Fratelli Revello Barolo (375ML half-bottle) 2006
Nebbiolo from Piedmont, Italy
#57 Wine Spectator Top 100 of 2011
Deep ruby red in color. The nose has full, sweet, ripe red fruit, plum jam and sweet wood notes. Flavors are vigorous, quite soft, warm, tannic, fresh and persistent.
Try with grilled red meat or seasoned cheeses.
Wine Spectator - "Hinting at rose and eucalyptus, with a core of cherry and licorice, this sinewy red stays firm and tightly wound. The fruit is always skirting around the edges, matching sweetness against the tannins on the long finish. Best from 2015 through 2035. 1,500 cases made. "
The Wine Advocate - "The 2006 Barolo is once again impeccable. Nothing in particular really stands out here, instead the wine impresses with its superb harmony. Bouquet, fruit and structural elements come together beautifully in the glass, with everything balanced in just the right measure. The finish is long, pure and refined. Revello’s 2006 Barolo is easily one of the best entry-level Barolos readers are likely to come across. Anticipated maturity: 2010-2018. "
International Wine Cellar - "Good deep red. Aromas of black cherry, tobacco and marzipan. At once silky and lively on the palate, with an almost candied quality to the strawberry and violet flavors. Firm acidity and a balsamic nuance give this wine good lift and energy. Aged entirely in barriques, 20% new. A very successful basic Barolo."
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Fratelli Revello Winery
Revello Farms, run by the brothers Carlo and Lorenzo, is located in frazione Annunziata in the commune of La Morra. In the estate vineyards Dolcetto d'Alba, Barbera d'Alba, Nebbiolo and Barolo are produced. Vineyards are taken care of by hand, as well as the harvest, according to the old tradition (pruning in July, harvest between 15 of September and 15 of October). View all Fratelli Revello Wines
About PiedmontView a map of Piedmont wineries (PEED-mont)
Notable FactsNot just regulated to red wine, Piedmont also produces some notable whites, particularly those near the district of Gavi and Asti. Gavi produces still white wine from the Cortese grape. The wine is dry with a crisp, citrus-like acidity – fairly neutral but pleasant. Arneis is another grape/wine made in the area, creating a fuller wine that displays some nuttiness in the aroma and taste. Asti is well known for its sparkling wine – in particular Asti Spumante and Moscato d'Asti. Asti Spumante is typically higher in alcohol, sweetness & fizziness, while its higher-class cousin, Mostcato d'Asti, contains lower alcohol levels, a few less bubbles, and a more restrained and delicate representation of Moscato fruit.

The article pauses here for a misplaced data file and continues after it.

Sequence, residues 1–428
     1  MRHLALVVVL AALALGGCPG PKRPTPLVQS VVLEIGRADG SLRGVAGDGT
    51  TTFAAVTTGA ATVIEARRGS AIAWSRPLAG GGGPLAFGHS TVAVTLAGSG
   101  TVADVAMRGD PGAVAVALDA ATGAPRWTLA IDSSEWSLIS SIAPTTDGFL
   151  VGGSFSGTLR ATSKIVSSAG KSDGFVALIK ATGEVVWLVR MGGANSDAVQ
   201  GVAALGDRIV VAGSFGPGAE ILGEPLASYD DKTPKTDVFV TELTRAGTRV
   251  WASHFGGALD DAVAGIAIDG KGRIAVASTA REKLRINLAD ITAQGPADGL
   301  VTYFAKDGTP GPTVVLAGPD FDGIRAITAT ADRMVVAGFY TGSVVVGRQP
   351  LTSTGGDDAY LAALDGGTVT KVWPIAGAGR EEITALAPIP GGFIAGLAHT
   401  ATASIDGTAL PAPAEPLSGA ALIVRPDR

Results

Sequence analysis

A little ditty about Italy...This country has about as many wines as its had governments. With 20 different regions, hundreds of DOCs and even more indigenous varieties, the amount of wine made in Italy is mind-boggling. Most of the juice, however, remains in the country for thirsty Italians. Wine is food in Italy and its rare that a meal is consumed without a glass of vino. That said, it's not common to find many folks drinking wine without food either. In turn, it's a match, and a mighty good one at that. In fact, it's safe to say that Italian wine is a foodie wine – one that goes on the table for a myraid of meals.
For regions, the most popular are Tuscany (home of Chianti), Piedmont and the Tre-Venezie, which includes Veneto, Trentino Alto-Adige and Friuli. Other communes of note are in Southern Italy, and a few good wines are made elsewhere in the country. The islands of Sardinia and Sicily are members of the Italian winemaking community as well.
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Alcohol By Volume Guide
Wine Style Guide
Light & Fruity
- Red wines that are more fruit-forward and lighter in tannin and body.
Smooth & Supple
- Medium bodied reds that go down easy, with smooth tannins and supple fruit.
Earthy & Spicy
- Wines where earthy and/or spicy dominate the flavors – typically medium to full body.
Big & Bold